Israeli PM Benjamin Netanyahu hailed the announcement as “historic,” but pledged no change to status quo at Jerusalem holy sites. “Israel will always ensure freedom of worship for Jews Christians and Muslims alike,” he said. Ahead of Mr Trump’s speech, Arab and Muslim leaders had spoken about the potential for violence. In Gaza, hundreds of Palestinian protesters burned American and Israeli flags. They also waved Palestinian flags and banners proclaiming Jerusalem as their “eternal capital,” language that Israelis similarly use for their nation. Egypt denounced the decision as a violation of international resolutions on the city’s status. A Foreign Ministry statement said Egypt is worried about the impact of the US move on the stability of the region and about its “extremely negative” impact on the Israeli-Palestinian peace process.
Saudi media reported that King Salman told Mr Trump by telephone: “Any declaration on the status of Jerusalem before reaching a final settlement would harm the peace negotiation process and escalate tension in the region.” The Arab League called it “a dangerous measure that would have repercussions” across the region, and also questioned the future role of the US as a “trusted mediator” in peace talks. The supreme leader of Iran, Ayatollah Ali Khamenei, said: “It is out of despair and debility that they want to declare Jerusalem as capital of the Zionist regime. On the issue of Palestine, their hands are tied and they can’t achieve their goals.” Even America’s closest allies in Europe questioned the wisdom of Trump’s radical departure from the past US position, which was studiously neutral over the sovereignty of the city.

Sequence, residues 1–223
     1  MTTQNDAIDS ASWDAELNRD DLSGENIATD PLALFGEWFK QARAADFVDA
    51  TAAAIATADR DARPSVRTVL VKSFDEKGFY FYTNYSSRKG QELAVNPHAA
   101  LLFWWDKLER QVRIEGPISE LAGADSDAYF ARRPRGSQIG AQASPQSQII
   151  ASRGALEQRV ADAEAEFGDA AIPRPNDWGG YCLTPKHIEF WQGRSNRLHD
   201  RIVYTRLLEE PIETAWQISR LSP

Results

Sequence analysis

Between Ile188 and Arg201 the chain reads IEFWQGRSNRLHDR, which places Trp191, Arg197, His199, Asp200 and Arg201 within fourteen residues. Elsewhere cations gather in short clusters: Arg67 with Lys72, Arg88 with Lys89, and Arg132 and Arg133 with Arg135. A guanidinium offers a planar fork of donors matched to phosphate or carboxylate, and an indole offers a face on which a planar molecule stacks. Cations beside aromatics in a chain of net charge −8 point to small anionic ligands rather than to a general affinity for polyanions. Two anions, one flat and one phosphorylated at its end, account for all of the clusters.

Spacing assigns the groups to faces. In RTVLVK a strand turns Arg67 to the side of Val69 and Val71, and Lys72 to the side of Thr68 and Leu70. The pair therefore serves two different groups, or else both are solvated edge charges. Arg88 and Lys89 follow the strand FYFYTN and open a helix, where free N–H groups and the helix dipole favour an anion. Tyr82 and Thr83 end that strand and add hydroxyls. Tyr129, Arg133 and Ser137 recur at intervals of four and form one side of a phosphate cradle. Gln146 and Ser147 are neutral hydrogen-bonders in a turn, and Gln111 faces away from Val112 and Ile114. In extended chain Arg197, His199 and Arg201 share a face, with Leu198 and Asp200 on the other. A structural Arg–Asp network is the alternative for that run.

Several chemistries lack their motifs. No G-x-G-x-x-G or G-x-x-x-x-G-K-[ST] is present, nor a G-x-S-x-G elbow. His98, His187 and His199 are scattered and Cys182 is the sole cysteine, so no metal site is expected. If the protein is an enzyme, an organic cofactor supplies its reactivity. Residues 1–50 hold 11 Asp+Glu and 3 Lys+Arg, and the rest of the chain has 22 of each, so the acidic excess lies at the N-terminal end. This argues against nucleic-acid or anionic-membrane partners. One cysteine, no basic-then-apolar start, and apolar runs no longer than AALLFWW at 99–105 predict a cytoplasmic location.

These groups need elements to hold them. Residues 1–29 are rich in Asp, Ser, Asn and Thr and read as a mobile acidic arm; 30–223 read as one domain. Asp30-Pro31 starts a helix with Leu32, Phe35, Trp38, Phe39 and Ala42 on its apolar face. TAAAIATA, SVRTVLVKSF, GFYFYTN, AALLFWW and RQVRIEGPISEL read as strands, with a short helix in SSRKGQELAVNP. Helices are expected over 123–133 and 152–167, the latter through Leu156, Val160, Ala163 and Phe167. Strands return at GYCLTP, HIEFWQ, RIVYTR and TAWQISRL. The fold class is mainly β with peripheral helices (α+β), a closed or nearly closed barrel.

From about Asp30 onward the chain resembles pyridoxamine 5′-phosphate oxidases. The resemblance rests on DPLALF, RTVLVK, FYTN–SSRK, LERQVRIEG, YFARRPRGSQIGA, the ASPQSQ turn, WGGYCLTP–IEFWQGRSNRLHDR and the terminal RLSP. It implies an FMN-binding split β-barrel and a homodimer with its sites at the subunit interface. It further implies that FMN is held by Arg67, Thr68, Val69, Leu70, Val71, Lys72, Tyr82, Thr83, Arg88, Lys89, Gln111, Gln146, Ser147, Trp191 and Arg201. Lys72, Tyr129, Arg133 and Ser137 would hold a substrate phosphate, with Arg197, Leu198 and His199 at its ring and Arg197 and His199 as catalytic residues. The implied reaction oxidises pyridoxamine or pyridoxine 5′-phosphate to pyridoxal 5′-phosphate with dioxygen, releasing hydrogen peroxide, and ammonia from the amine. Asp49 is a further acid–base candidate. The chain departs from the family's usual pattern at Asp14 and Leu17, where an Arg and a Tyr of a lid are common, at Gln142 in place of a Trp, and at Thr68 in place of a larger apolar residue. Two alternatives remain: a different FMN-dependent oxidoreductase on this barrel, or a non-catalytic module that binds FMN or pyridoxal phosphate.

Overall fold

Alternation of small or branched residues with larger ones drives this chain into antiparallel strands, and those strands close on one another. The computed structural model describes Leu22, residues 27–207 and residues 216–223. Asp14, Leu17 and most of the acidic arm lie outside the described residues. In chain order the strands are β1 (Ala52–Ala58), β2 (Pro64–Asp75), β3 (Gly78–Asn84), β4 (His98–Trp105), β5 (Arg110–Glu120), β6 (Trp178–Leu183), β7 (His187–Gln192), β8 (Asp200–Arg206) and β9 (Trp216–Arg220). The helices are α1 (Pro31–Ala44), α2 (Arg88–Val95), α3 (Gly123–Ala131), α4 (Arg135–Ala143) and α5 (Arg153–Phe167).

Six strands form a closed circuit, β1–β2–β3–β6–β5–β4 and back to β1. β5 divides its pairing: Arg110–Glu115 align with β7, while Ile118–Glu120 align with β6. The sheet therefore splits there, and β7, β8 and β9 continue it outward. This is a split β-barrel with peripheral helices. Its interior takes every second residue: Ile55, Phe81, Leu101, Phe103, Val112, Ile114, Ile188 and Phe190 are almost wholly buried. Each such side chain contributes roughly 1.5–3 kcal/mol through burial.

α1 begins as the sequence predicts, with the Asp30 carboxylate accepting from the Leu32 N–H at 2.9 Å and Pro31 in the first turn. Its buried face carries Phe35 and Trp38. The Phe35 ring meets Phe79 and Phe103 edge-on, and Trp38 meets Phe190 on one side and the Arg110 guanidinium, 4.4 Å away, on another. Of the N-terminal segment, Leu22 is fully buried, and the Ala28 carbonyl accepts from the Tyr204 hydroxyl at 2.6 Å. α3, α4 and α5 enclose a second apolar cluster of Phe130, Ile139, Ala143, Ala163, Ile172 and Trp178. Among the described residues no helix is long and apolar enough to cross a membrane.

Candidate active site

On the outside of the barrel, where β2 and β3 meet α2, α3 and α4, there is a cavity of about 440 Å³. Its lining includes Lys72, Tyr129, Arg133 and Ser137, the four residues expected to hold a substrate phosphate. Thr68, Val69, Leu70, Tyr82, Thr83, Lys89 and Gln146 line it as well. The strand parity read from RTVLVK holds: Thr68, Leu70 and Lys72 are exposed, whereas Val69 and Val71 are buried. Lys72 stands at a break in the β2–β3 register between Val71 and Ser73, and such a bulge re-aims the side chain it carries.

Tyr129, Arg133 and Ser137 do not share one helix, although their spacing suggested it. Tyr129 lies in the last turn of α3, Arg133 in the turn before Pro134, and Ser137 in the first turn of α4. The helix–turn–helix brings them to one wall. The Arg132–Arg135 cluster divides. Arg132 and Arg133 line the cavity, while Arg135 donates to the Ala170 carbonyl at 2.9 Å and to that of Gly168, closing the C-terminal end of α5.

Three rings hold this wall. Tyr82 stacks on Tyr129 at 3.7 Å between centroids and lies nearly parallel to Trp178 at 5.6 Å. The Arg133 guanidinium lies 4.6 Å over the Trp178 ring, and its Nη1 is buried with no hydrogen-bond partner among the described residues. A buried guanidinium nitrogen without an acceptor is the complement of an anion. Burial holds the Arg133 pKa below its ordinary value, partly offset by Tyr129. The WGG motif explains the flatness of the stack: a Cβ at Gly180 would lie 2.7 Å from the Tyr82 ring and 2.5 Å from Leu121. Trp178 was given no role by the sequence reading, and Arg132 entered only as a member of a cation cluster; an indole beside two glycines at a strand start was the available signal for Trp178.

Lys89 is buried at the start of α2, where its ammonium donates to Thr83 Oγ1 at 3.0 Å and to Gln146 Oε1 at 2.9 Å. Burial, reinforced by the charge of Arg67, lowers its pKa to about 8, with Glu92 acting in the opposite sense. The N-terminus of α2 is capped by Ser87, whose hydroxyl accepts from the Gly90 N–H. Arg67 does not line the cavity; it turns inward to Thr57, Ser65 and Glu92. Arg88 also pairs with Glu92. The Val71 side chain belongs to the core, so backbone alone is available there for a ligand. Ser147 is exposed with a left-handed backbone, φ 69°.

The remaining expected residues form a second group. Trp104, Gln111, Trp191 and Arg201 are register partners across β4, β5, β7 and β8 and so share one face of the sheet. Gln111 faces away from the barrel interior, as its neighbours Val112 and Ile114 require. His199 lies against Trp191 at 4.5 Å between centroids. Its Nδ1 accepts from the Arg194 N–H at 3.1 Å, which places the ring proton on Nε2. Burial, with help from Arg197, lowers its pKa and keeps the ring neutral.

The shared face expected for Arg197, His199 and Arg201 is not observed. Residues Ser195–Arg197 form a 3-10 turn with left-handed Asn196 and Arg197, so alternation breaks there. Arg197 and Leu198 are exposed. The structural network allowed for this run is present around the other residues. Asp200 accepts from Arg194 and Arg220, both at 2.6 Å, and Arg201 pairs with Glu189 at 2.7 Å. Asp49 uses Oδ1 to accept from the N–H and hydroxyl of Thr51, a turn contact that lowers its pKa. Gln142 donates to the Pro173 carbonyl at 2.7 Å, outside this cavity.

French president Emmanuel Macron described Mr Trump’s decision as “regrettable,” but called for efforts to “avoid violence at all costs.” In Australia Ms Bishop told ABC radio: “We are considering whether we should change our travel advice, we are monitoring the situation very carefully, we are getting feedback from our embassy in Tel Aviv in the region.” “I am deeply concerned at the level of unrest now, the fault lines between Turkey and the Kurds, between the Sunnis and the Shia, between the Saudis and Iranians. “I am concerned about the level of tension now and of course would not support any action that would add to that.”
Ms Bishop said Australia would not follow the US President’s lead and identify the contested city of Jerusalem as the capital of Israel or move its embassy from Tel Aviv to Jerusalem. “The political identification of the status of Jerusalem is a matter for final status negotiations, That has always been our position, it has been a longstanding position from both sides of the Australian parliament,” Ms Bishop said. America’s consulate in Jerusalem has ordered US personnel and their families to avoid visiting Jerusalem’s Old City or the West Bank, and urged American citizens in general to avoid places with increased police or military presence.
ISRAEL’S RADICAL NEW APPROACH THAT HELPS PREVENT POST-TRAUMATIC STRESS
The success of the Six Cs model has been documented. For example, in the summer of 2014, residents of an Israeli town on the Gaza border who were traumatized by rocket fire did not develop post-traumatic stress disorder if they had been treated on the scene according to Farchi’s protocol. When dealing with someone in psychological trauma, most people instinctively hold, calm and soothe the person. That may be well-intentioned but it’s not helpful, according to clinical social worker and volunteer medic Moshe Farchi, whose counterintuitive approach recently was adopted as the Israel Health Ministry’s national model for psychological first aid. Farchi is head of Stress, Trauma & Resilience Studies at Tel-Hai College, and is teaching and using his method in several other countries as well.